The US administration failed to meet its self-imposed deadline of December 31, 2013, for completing the far-reaching free-trade deal – the Trans-Pacific Partnership (TPP), the centerpiece of President Obama’s plan for “rebalancing” U.S. policies toward Asia. The US government has been thwarted by gridlock in Washington, by opposition in his own party and by complex negotiations among the 12 Pacific Rim nations in East Asia and the Americas on topics such as intellectual property rights and agricultural tariffs.
The U.S.-led TPP agreement would impose new rules on environmental protection and workers’ rights on 40 percent of the world’s economy, including Japan, Canada, Mexico, Chile, Australia, the Philippines and Vietnam. China, notably, is not part of the talks. According to estimates, the U.S. economy would grow by US$ 78 billion per year because of new trade opportunities opened up by the accord, particularly if Asian agriculture trade barriers are lowered in the final deal.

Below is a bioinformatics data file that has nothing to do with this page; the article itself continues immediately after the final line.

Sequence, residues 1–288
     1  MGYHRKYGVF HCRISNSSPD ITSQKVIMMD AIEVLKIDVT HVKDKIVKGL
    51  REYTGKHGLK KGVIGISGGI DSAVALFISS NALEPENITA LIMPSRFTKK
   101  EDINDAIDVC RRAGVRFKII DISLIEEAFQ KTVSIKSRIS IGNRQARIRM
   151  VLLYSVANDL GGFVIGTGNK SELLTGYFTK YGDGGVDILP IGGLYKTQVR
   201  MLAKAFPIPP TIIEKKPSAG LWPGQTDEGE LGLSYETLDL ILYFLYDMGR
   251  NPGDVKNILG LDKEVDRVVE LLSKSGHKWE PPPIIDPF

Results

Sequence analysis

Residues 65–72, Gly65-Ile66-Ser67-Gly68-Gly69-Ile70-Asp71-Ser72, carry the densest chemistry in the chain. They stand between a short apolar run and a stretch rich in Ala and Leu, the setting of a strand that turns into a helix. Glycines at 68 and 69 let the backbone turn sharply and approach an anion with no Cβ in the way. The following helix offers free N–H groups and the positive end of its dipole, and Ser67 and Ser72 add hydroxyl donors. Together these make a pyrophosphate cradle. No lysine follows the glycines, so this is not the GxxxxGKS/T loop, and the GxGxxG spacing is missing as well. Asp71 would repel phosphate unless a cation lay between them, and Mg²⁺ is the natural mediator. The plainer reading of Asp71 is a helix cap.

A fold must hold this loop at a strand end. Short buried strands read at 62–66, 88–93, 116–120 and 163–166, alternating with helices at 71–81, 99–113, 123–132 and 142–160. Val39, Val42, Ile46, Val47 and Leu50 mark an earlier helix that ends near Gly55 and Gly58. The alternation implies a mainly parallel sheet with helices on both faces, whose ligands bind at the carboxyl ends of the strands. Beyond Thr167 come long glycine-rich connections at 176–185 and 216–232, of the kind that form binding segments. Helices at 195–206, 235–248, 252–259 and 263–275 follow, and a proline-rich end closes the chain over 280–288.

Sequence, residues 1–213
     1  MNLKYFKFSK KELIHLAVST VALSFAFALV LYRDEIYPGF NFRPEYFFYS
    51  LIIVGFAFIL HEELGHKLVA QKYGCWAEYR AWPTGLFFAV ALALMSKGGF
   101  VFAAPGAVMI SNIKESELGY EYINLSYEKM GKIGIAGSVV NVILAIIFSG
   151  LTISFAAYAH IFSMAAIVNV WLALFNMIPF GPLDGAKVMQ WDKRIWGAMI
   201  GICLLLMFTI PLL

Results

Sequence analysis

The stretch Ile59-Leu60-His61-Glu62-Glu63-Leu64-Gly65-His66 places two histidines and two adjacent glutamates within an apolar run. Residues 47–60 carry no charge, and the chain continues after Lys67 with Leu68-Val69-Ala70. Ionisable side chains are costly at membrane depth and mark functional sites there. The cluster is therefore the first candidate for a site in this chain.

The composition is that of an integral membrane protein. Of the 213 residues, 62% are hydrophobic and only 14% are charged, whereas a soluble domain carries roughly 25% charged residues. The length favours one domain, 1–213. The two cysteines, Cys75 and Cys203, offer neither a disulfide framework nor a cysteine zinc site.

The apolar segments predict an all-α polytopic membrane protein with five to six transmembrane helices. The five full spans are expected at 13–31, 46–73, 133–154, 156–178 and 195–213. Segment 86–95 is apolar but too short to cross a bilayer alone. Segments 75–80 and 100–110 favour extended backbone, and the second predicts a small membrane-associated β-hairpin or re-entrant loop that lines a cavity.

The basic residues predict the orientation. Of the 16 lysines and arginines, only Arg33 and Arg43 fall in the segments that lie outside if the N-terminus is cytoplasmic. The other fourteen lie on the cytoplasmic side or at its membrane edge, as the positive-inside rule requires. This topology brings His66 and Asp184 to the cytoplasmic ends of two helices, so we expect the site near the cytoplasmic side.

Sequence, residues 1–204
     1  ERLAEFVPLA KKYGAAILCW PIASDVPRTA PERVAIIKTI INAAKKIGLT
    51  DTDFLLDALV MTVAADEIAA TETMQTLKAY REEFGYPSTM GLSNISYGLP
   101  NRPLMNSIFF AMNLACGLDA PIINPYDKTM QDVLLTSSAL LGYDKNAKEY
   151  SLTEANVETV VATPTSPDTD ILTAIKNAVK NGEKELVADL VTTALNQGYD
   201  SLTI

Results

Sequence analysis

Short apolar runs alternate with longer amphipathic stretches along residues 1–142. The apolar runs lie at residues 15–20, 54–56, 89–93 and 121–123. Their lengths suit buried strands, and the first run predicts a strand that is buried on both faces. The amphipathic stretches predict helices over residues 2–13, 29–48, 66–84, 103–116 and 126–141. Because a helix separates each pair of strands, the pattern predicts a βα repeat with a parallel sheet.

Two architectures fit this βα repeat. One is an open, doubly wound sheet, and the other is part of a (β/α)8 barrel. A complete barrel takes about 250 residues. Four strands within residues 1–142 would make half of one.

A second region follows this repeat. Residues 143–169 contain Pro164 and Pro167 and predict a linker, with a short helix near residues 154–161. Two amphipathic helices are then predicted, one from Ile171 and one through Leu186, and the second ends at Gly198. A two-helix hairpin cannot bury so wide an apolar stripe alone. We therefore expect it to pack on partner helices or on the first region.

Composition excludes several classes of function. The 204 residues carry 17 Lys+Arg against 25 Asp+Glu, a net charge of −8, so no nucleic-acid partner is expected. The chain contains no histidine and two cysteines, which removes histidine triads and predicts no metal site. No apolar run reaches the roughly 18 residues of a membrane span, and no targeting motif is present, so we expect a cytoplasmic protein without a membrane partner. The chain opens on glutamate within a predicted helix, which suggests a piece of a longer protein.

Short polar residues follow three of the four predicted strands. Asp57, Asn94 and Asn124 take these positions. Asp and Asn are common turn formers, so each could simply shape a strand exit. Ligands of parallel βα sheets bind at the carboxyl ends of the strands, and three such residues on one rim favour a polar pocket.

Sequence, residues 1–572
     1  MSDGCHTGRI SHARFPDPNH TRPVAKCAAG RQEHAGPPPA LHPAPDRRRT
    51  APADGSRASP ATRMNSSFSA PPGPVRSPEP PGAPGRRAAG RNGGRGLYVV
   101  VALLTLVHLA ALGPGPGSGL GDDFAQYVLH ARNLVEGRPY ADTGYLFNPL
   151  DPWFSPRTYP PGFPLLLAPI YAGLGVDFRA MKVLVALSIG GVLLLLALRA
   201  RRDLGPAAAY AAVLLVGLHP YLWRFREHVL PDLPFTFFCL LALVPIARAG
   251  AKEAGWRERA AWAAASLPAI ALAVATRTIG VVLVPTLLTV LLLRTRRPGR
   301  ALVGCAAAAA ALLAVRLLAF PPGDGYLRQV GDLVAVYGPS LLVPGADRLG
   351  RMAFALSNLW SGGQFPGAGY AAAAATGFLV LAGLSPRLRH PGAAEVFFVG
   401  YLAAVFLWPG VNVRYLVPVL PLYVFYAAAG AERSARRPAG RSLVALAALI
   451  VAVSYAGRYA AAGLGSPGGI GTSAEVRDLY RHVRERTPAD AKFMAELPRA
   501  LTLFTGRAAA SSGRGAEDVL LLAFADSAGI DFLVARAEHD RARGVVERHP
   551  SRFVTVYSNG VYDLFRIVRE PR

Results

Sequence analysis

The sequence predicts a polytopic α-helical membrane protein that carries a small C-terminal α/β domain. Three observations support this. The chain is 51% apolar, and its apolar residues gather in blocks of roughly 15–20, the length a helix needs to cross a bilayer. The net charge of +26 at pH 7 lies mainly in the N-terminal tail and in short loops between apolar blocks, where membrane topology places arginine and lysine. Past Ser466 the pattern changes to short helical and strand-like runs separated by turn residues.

U.S. Trade Representative Michael Froman emerged from the latest round of talks in Singapore in mid-December proclaiming “momentum” for reaching a deal. The ministers from the participating countries said they had agreed on “landing zones” — areas of potential cooperation — but they did not indicate that a formal agreement is imminent.
In November, 151 House Democrats sent a letter to Obama opposing TPA. Rep. Rosa DeLauro, Connecticut Democrat, said they are concerned about the loss of more than 5 million U.S. manufacturing jobs since the North American Free Trade Agreement was signed almost two decades ago. Outside liberal groups long skeptical of free-trade agreements and their impact on domestic workers are also mobilising against theTPP.
Obama is scheduled to travel to Asia in April, and administration officials are still hopeful that the free-trade deal can be reached in time for his trip.